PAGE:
Fig. 1
figure1

ROC curve for RFS with respect to NLR and PLR in patients with giant cell tumor of the extremities. Cutoff value of NLR, 2.32; Cutoff value of PLR, 116.81. ROC, receiver operating characteristic; RFS, recurrence-free survival

Association of the patients’ clinical parameters with NLR and PLR

The relationship between NLR and PLR with clinical parameters of patients with giant cell tumor of the extremities is shown in Table 1. In NLR groups, the number of patients with stage III tumors in high NLR group was significantly higher than that in low NLR group (p < 0.001). The largest tumor diameter (p = 0.048), ALP (p = 0.047), neutrophil percentage (p < 0.001), and CRP (p = 0.043) of patients in high NLR group were higher than those in low NLR group. The percentage of lymphocytes in patients of high NLR group (p < 0.001) was lower than that in low NLR group. In PLR groups, the number of patients with stage III tumors in high PLR group was significantly higher than that in low PLR group (p < 0.001). The largest tumor diameter (p = 0.008), ALP (p = 0.008), platelet (p < 0.001), and CRP (p = 0.005) in high PLR group were higher than those in low PLR group.

Table 1 Association of the patients’ clinical parameters with NLR and PLR
Table 2 Analysis of the factors influencing the postoperative prognosis of patients with giant cell tumor of the extremities

Prognosis condition of patients with giant cell tumor of the extremities after surgery during follow-ups

The 163 patients with giant cell tumor of the extremities were followed for a maximum of 98 months. The median follow-up time was 37 (22–62) months. During the follow-up, 15 patients were lost to follow-up because the researchers were unable to reach these patients or their families. In addition, recurrence was recorded in 30 patients. The recurrence-free survival curve of patients with giant cell tumor is shown in Fig. 2. According to the analysis, the recurrence-free rates of patients with giant cell tumor at 1 year, 3 years, and 5 years after surgery were 94.27, 82.27, and 76.62%, respectively (Fig. 2).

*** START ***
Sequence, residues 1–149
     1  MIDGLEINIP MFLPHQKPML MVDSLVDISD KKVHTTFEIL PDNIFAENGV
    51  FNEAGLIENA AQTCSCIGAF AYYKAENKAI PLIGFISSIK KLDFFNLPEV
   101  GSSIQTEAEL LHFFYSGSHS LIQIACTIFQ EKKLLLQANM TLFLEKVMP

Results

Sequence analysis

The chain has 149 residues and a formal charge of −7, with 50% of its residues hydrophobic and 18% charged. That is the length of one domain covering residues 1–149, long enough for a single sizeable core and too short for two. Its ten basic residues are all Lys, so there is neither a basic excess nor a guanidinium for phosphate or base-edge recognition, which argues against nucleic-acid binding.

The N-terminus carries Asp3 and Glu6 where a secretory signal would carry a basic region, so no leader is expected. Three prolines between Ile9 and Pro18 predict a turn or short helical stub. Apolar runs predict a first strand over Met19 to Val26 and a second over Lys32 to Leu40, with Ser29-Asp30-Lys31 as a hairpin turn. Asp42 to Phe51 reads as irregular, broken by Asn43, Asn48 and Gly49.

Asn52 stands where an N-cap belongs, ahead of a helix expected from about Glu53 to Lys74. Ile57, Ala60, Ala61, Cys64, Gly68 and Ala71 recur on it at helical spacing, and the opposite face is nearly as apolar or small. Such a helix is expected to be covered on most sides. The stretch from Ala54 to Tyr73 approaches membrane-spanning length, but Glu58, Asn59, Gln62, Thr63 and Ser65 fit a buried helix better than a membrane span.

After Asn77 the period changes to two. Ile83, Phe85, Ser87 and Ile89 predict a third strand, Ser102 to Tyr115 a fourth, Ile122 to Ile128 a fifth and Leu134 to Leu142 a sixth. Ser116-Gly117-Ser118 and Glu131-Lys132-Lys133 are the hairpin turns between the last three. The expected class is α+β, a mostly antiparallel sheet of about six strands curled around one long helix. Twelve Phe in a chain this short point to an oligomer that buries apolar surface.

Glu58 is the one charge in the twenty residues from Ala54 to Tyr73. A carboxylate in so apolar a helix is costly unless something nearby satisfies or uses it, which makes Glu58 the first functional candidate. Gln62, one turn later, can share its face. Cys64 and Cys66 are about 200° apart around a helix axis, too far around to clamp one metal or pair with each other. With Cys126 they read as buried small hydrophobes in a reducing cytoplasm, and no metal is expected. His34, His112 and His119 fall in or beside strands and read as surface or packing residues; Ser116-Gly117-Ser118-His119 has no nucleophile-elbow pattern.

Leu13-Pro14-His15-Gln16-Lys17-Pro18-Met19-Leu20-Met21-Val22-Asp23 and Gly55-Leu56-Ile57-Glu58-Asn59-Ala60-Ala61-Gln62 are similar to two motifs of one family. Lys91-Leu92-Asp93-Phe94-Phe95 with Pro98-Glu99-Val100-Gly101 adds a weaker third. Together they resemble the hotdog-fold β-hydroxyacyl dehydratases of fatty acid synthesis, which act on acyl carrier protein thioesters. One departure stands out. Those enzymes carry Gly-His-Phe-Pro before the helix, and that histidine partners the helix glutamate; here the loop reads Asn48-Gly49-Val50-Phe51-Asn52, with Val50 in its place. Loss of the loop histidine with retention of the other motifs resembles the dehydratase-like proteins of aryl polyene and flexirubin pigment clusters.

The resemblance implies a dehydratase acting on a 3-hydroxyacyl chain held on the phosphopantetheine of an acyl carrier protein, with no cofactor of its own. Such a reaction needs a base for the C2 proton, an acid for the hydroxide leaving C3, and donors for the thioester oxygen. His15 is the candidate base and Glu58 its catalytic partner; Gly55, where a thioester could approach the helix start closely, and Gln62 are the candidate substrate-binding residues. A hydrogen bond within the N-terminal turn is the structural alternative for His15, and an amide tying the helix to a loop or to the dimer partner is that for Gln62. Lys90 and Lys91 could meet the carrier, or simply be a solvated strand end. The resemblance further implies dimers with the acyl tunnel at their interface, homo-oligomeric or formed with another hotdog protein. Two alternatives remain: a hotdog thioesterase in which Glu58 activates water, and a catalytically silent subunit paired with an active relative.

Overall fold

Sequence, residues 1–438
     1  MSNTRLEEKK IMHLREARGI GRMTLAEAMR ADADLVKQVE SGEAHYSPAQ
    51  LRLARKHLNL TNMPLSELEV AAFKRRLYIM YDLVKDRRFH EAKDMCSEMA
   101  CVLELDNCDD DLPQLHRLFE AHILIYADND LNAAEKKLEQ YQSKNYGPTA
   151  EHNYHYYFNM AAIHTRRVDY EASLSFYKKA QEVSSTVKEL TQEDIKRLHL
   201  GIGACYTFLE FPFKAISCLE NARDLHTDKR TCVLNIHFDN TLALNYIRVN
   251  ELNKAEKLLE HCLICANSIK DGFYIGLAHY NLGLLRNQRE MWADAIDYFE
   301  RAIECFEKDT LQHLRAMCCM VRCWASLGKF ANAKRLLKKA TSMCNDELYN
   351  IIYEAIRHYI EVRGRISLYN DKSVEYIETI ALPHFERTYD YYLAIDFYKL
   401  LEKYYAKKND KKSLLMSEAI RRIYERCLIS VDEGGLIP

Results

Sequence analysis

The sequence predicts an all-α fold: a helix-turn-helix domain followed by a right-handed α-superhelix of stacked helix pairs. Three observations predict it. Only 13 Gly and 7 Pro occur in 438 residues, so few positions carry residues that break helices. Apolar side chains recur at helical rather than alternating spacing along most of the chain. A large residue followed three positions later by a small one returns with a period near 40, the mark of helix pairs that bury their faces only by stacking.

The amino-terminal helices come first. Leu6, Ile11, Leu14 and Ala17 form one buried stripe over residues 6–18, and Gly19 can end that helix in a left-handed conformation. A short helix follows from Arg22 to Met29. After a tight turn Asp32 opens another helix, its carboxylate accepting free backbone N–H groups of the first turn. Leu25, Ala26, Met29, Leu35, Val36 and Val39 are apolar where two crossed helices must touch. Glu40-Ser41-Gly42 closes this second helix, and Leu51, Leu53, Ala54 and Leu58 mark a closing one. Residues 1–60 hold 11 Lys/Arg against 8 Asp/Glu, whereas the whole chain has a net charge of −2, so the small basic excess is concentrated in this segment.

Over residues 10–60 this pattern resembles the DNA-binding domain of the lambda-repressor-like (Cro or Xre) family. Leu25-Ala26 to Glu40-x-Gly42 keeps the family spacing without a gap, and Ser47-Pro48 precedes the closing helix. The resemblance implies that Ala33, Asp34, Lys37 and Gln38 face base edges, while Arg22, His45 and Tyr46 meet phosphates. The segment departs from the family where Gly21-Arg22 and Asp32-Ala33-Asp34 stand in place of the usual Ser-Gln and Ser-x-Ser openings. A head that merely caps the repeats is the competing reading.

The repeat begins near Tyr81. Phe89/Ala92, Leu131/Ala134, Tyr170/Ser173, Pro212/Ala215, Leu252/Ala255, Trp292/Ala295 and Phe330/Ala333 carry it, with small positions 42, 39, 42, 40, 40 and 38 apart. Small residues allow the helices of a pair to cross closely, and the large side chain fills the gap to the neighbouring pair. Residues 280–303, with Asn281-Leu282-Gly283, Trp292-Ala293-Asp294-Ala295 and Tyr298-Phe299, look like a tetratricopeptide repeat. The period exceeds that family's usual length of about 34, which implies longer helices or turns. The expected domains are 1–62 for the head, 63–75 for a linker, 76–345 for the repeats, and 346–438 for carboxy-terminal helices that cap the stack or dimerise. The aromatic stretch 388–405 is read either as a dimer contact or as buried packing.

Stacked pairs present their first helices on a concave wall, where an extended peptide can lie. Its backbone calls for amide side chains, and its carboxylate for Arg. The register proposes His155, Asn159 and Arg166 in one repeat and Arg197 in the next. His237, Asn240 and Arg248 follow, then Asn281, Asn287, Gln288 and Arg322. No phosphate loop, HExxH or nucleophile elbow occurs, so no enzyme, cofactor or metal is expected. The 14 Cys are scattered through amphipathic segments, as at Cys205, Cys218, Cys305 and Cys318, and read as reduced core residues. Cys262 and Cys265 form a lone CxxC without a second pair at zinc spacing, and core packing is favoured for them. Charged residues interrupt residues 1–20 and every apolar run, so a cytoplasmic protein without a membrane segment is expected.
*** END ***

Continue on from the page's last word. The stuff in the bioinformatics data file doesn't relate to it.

Fig. 2
figure2

Recurrence-free survival curve of patients with giant cell tumor of the extremities after surgery. The recurrence-free rates of patients at 1 year, 3 years, and 5 years after surgery were 94.27, 82.27, and 76.62%, respectively

Association between NLR and PLR ratios and the survival of patients with giant cell tumor of the extremities

Figure 3a shows the recurrence-free survival curve of patients with high NLR and low NLR developed using the Kaplan-Meier method. Comparative analysis showed that patients in the low NLR group had a lower recurrence of tumors compared to those in the high NLR group (χ2 = 26.705, p < 0.001, log-rank test). The recurrence-free survival curve of patients with high PLR and low PLR is shown in Fig. 3b. Comparative analysis showed that patients in the low PLR group had a lower recurrence rate of tumors than those in the high PLR group (χ2 = 9.371, p = 0.002, log-rank test).

Fig. 3
figure3

Postoperative recurrence-free survival curve of patients with giant cell tumor in different NLR and PLR groups. a The recurrence rate of tumors in patients in low NLR group was lower compared to that in high NLR group. b The recurrence rate of tumors in patients of low PLR group was lower than those in high PLR group

Factors influencing the postoperative prognosis of patients with giant cell tumor of the extremities

Cox regression univariate analysis was used to determine the factors that influenced the recurrence rate in Table 2. Campanacci stage, ALP, CRP, the NLR and the PLR were found to be significant determinants of prognostic outcome. These factors were therefore included in the Cox regression to carry out multivariate analysis together with the consideration of age and gender. The results in Table 2 showed that Campanacci stage and NLR were independent factors that influenced the recurrence rate of tumors. Specifically, an advanced clinical stage was a risk factor for recurrence of giant cell tumor (HR = 3.28, 95% CI: 1.24~8.69), and a high NLR (HR = 4.18, 95% CI: 1.83~9.57) was a risk factor for the recurrence of giant cell tumor after surgery.